Explore Colorado / Explore The Outdoors

Hike to Ice Caves, Waterfall and Erratics on Grottos Trail Near Aspen, Colorado

This is a short hike with a huge wow factor. The Grottos Trail off of Independence Pass near Aspen, Colorado, has geological wonders including unusual boulders, an ice cave and cascading waterfall. Grottos Trail is very popular. To be the crowds, do what my friend Lisa and I did. Get to the trailhead before 7 a.m. We started hiking about 6:45 a.m. and had it to ourselves. The early start also explains the no makeup look. By 10 a.m., the small parking lot is usually full.

We decided to hike the loop counterclockwise to do the caves before the cascades. Shortly after crossing the bridge, you see your first geological wonder. There are boulders on a huge slab of granite that look like they were just dropped there. Those are called erratics. The large stones were transported by a glacier and left behind after it melted about 18,000 years ago. The smooth rock knoll the erratics are resting is called a whaleback.

It only takes about five minutes to get to the sign for the ice caves.  Walk across the slick rock to a clump of small trees in front of a protruding boulder.  That’s the entry.  It’s about a six-foot climb down, and back out, of the ice caves.  Wear hiking shoes and sneakers on this trail.  You’ll want the traction on this short climb.

Once inside, there is so much to look at as you listen to the water.  There are usually large slabs of ice, even in summer.  The walls are ultra-smooth.  It really looks like something out-of-this-world. It’s a place you can visit many times and never has the same experience because the ice caves change depending on the weather.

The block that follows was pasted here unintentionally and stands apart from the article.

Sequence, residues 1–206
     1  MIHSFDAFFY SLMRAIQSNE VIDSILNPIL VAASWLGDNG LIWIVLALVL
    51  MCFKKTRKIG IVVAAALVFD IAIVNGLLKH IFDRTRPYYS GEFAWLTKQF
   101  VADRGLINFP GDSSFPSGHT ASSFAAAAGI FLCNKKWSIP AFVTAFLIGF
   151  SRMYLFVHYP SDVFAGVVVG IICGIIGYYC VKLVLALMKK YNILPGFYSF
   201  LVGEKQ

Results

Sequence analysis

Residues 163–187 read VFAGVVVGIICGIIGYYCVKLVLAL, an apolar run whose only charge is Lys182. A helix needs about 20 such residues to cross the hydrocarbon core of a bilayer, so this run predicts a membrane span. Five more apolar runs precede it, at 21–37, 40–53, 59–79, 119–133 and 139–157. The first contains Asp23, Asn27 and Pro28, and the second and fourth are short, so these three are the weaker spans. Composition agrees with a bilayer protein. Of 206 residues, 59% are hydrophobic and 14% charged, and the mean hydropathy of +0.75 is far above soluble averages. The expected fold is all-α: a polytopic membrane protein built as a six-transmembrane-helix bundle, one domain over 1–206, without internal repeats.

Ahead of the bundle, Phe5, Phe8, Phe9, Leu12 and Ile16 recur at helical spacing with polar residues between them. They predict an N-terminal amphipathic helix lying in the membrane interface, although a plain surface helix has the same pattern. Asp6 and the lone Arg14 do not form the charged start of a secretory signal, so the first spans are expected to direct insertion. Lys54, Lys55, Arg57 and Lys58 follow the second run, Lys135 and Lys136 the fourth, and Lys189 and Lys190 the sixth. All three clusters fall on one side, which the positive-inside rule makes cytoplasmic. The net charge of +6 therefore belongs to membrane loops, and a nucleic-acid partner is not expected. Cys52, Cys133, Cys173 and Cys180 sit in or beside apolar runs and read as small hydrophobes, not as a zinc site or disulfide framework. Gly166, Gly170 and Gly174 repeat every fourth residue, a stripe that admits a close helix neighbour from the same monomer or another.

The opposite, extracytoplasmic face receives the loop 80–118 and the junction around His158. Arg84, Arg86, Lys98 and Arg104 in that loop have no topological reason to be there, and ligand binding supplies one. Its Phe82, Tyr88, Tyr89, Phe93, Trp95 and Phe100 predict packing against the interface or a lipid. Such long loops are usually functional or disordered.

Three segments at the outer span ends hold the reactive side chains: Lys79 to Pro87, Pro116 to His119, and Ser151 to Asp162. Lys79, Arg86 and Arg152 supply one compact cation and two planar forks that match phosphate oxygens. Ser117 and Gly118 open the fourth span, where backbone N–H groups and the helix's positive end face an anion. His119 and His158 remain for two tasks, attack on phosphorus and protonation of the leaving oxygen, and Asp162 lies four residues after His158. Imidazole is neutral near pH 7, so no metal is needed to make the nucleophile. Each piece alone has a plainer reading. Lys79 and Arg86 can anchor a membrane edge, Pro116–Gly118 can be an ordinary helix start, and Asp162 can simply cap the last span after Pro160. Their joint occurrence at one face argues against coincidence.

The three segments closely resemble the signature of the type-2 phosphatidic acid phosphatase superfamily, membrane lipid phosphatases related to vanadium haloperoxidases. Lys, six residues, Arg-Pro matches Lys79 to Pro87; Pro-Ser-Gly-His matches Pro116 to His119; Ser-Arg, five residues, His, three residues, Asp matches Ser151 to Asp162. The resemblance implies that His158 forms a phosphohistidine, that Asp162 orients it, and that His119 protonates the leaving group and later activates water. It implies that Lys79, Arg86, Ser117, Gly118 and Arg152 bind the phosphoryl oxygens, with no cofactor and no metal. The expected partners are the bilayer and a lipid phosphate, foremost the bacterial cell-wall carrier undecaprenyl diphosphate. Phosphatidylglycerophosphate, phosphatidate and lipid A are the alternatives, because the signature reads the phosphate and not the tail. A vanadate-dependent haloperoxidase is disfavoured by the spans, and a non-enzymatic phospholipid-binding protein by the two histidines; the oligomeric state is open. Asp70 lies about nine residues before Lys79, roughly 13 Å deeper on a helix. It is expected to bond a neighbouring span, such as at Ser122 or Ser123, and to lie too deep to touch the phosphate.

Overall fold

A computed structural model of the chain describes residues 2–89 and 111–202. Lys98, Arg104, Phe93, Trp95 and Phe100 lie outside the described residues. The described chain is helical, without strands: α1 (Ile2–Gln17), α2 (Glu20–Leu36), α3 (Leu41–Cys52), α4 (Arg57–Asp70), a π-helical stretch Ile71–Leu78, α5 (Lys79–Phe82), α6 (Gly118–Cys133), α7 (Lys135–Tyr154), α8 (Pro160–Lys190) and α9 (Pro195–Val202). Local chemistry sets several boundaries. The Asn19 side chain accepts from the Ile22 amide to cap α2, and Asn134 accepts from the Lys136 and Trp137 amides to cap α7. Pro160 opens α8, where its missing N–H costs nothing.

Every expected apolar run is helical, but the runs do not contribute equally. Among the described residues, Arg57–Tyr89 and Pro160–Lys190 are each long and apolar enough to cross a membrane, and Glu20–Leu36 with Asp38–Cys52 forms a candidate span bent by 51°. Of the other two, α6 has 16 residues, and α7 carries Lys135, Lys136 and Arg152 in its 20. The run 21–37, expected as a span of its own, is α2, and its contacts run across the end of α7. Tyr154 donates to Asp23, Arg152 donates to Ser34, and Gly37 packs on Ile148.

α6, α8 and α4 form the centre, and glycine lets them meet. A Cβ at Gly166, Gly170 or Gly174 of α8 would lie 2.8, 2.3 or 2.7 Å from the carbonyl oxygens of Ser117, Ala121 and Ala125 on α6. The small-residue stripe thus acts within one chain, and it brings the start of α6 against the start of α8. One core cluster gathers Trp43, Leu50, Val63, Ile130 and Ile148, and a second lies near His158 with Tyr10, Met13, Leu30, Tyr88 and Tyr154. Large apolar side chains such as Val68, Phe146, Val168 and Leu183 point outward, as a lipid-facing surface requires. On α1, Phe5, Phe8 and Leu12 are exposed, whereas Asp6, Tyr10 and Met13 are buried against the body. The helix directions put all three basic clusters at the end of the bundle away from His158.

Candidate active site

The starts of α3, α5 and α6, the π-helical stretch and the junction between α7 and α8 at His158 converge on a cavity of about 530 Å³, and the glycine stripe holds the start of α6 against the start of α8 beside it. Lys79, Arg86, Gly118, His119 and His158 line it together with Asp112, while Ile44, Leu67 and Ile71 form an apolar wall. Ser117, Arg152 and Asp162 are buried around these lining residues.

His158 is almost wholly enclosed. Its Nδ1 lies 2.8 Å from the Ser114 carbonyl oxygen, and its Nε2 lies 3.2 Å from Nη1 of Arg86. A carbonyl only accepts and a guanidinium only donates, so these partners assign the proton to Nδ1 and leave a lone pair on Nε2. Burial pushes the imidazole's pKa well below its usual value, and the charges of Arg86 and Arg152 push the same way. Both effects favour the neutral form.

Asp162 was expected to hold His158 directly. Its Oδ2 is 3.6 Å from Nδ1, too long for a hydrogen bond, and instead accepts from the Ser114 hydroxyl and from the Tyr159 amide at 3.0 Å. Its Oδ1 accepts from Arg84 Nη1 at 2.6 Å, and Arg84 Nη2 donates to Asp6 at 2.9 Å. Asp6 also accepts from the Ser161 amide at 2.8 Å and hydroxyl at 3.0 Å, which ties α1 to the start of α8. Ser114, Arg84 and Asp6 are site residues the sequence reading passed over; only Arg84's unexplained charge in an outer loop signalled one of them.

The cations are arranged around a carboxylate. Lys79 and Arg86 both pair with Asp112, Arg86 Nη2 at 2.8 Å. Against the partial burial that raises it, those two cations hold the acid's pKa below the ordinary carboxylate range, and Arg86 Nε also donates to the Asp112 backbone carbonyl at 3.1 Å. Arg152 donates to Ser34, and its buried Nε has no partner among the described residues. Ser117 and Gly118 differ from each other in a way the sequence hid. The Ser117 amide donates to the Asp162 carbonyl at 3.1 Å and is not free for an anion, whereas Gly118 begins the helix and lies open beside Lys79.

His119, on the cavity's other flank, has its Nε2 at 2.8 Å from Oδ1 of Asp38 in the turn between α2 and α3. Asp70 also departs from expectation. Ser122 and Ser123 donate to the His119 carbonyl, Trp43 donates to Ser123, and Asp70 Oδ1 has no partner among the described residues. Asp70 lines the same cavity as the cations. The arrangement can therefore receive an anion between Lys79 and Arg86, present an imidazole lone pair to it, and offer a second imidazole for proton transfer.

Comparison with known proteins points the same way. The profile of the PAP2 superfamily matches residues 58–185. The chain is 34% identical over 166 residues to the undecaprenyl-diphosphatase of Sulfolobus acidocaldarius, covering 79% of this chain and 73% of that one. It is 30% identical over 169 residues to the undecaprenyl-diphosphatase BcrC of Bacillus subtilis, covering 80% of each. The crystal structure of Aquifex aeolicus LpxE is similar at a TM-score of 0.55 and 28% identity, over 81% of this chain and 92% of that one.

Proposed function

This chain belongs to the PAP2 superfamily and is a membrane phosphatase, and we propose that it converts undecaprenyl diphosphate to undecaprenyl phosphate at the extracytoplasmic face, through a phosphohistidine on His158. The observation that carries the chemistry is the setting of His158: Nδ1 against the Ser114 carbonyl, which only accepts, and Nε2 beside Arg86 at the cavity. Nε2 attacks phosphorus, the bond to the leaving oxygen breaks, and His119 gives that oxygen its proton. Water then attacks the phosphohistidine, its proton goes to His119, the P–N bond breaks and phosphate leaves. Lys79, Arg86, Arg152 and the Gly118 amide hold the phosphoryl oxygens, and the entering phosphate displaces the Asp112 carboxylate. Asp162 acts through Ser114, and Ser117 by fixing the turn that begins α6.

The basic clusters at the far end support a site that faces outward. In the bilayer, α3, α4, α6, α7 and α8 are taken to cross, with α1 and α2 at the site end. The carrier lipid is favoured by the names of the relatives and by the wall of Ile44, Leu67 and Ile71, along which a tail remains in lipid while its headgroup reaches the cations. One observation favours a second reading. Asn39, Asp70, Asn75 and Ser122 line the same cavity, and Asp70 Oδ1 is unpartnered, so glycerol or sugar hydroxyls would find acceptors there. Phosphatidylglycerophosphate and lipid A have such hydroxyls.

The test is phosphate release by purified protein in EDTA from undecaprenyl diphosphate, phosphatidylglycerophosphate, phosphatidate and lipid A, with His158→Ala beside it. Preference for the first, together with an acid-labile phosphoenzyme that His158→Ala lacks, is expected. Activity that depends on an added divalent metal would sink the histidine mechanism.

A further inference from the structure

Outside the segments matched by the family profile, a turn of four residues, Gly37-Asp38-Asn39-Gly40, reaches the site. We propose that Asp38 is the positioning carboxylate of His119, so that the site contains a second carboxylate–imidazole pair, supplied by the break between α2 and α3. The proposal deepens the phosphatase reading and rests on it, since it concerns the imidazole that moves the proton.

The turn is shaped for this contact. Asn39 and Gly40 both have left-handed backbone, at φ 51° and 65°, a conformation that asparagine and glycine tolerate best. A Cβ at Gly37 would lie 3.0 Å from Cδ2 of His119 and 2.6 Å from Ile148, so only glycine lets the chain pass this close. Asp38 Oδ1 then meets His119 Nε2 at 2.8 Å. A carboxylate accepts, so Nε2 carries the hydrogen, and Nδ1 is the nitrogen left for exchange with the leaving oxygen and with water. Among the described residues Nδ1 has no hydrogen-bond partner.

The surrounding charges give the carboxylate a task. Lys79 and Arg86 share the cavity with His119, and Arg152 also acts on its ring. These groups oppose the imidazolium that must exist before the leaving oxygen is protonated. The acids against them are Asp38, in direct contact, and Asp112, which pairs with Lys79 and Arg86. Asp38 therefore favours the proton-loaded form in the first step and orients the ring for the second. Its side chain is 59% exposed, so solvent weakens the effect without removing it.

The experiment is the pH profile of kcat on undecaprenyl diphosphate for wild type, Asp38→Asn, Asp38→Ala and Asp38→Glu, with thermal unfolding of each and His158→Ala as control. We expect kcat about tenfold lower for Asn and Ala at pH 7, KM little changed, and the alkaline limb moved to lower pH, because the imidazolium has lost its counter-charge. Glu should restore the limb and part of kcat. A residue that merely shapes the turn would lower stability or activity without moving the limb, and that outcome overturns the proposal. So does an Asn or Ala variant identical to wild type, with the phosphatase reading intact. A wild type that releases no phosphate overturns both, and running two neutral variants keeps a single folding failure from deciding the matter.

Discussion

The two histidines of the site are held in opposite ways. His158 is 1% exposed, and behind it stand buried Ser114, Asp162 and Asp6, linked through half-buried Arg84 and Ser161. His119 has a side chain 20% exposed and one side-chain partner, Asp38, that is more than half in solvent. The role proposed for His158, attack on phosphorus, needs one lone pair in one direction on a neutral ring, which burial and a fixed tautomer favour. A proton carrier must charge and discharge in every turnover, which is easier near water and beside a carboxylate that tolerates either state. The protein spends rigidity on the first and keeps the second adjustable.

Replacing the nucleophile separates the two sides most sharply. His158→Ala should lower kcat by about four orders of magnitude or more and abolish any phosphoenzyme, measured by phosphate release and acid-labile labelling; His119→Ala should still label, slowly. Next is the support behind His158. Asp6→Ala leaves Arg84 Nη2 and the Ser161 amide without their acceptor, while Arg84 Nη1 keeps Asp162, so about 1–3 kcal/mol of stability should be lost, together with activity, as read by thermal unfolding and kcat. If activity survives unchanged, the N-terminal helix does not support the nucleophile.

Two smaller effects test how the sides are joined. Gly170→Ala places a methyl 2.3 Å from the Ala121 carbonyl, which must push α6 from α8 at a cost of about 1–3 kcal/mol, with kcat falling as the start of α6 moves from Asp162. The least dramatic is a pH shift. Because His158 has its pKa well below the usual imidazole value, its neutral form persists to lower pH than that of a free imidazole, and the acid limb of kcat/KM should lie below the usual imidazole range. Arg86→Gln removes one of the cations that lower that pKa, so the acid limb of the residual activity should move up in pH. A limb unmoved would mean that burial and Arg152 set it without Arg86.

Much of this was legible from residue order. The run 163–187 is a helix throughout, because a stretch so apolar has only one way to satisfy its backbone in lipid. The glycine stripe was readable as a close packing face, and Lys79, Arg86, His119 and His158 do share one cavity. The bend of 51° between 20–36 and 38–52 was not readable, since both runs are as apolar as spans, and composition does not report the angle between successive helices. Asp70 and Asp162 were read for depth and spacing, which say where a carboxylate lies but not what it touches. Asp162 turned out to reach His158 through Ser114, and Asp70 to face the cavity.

Once back out, follow the trail signs.  There are a lot of them.  When you’re on top of the slickrock, take a quick detour carefully walking over to the large crack.  That’s the opening to the ice caves you were just in. You’ll cross a wooden bridge that also had an interesting view of the ice caves.

It’s just a few more minutes to the cascades.  As the sun starts to shine on the water, it’s extra beautiful.  There’s a part of the falls that looks like a giant wash tub to me as the water swirls and churns in it.  There’s plenty of space to explore and have a picnic.

Followed the trail along the river, although it’s not as well marked as other parts of it.  You’ll see a small bridge, but you have to climb down the slick rock.  We found it easiest to walk over by the water and scoot down then traverse back over to the three natural steps.

After you cross the river, climb up slick rock for a close up very of the erratics.

You’ll see the trail you started on.  Take it back across the river to the parking lot.

The trailhead is 9 miles east of Aspen on Highway 82 (Independence Pass). The parking lot is a little tricky to find. When you see the Weller Campground sign, slow way down as Grottos Trail parking is only 200 yards on the right. The sign isn’t easy to see driving from Aspen.

Author Jennifer Broome has spent a lot of time in and around Aspen in all seasons. Check out her blog on John Denver Sanctuary for one of her favorite spots in town.

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